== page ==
Thursday, 25 July 2013

Kayode Oyinbo: American who speaks Yoruba with passion

Culled from Punch.
An American who speaks Yoruba fluently, Kevin Barry and stars in Saidi Balogun’s new film, U or I, speaks on his experience in the industry.
If you want to provoke Kevin Barry, ask him how he became so proficient in Yoruba that many native speakers grow green with envy at his delivery and mastery of the language’s semantics. Then, he will quickly ask you to tell him how you were able to master English to the extent that you speak and write in it with little effort. That was the friendly fight with which he actually confronted our correspondent when he (journalist) spoke with him on the phone on Monday.

Otherwise called Kayode Oyinbo, he has mastered Yoruba such that he would even prefer that the telephone interview be conducted in the language. And so stunningly good in Yoruba has Barry become that he has stolen the heart of actor and producer, Saidi Balogun. He is the star of U or I, the movie that Balogun premiered in Lagos last week.

“He is so passionate about Yoruba that he gets disturbed each time we are speaking and we Yoruba people mix English words with Yoruba,” Balogun notes as he recounts his experience with Barry.

Barry’s adventure in the Yoruba worldview gathered steam when he enrolled at the University of Wisconsin to study International Relations and African Culture. But it really gained flesh in 2010 when he visited Nigeria for an exchange programme at the University of Ibadan. He says his passion became fired and he gave the project all he could to master the language.

“There is nothing I cannot say in Yoruba,” he enthuses. “I am humble about it, but I speak it as much as I speak English.”

He recalls that he met Balogun at an event in New York, USA. After they became friends, Balogun introduced acting to him and invited him to take part in You or I, a movie that looks at marriage from the perspectives of what makes or mars it.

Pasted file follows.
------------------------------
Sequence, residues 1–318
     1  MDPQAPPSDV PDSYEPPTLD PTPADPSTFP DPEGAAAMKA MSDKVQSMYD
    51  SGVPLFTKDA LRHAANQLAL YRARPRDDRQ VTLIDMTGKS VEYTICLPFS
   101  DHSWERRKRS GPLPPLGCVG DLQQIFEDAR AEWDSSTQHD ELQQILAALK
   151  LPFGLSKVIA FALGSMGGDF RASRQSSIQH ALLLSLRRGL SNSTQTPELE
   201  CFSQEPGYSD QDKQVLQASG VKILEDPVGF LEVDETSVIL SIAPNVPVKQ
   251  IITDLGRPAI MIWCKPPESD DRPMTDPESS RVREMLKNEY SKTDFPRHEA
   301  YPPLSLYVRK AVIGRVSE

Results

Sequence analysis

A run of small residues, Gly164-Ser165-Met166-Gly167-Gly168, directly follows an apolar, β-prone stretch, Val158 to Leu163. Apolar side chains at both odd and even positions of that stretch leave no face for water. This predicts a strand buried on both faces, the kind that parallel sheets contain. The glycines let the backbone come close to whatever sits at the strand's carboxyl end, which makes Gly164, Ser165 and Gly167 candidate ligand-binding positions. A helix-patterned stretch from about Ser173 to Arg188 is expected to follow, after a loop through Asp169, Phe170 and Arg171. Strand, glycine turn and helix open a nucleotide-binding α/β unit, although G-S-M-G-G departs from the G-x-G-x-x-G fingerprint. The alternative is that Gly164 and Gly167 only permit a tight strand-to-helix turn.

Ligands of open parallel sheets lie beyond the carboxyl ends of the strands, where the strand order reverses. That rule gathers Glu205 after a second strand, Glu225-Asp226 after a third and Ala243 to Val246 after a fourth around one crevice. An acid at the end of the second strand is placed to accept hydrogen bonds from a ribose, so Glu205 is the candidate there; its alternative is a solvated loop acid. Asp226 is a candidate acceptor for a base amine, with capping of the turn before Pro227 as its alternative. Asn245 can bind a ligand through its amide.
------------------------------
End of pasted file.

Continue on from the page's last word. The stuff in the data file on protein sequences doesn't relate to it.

“I care about people I relate with. I wouldn’t want to be part of just any film. But when I looked at the script that Saheed gave me, I told him that I wanted to be part of it.”

The American, who plays the talking drum, bata, among other instruments, says the making of the film was very tasking. Apart from the fact that they had to move from one country to the other – US, Spain, South Africa and Nigeria – which makes him to describe the experience as involving a gorilla style, he adds that there were days they had sleepless nights.

Kayode Oyinbo, who says he is also involved in public relations and events, enjoys Yoruba foods and loves Nigerian music. He loves seeing everyone dancing when a music is being playing at parties, unlike the typical American experience where, he says, many parties are silent, if not dull.

He says, “I have eaten many Yoruba foods, including snakes.”

Balogun adds that he chose to work with Kayode Oyinbo because he (producer) always wants to give viewers a unique experience. He adds that he does not believe in churning out films without investing a lot in creativity, which, he says, stands out a good movie.

“Why must you produce 500 films in two weeks? Eddy Murphy may not be part of more than a film in three years. Yet, he is known and respected all over the world. This is the philosophy that I have adopted as a film maker,” Balogun adds.

Barry also notes that it was some guys who found it too tricky that changed his name ‘Kevin’ to Kayode.

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